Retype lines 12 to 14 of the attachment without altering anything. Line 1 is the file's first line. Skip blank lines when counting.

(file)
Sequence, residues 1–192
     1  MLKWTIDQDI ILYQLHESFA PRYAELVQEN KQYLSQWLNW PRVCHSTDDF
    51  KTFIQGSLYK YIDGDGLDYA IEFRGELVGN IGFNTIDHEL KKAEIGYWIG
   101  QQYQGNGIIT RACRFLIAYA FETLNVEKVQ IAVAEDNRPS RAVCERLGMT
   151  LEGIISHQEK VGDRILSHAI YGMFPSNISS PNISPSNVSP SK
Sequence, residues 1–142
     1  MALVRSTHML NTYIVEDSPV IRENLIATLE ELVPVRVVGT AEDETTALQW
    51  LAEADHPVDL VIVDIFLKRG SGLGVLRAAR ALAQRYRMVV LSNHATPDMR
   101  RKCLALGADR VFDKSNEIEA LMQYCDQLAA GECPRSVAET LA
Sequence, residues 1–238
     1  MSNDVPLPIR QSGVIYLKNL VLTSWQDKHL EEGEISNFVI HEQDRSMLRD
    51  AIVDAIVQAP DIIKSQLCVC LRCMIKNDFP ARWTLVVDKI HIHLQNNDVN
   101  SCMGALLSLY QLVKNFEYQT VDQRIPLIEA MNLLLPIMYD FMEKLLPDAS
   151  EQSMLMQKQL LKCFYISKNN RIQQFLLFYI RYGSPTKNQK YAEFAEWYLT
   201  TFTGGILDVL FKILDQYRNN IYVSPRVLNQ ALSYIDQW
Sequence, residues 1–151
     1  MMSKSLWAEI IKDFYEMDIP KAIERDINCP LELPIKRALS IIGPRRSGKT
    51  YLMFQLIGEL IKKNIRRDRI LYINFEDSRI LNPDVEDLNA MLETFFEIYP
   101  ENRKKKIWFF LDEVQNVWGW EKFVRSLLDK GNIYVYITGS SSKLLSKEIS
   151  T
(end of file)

    51  AIVDAIVQAP DIIKSQLCVC LRCMIKNDFP ARWTLVVDKI HIHLQNNDVN
   101  SCMGALLSLY QLVKNFEYQT VDQRIPLIEA MNLLLPIMYD FMEKLLPDAS
   151  EQSMLMQKQL LKCFYISKNN RIQQFLLFYI RYGSPTKNQK YAEFAEWYLT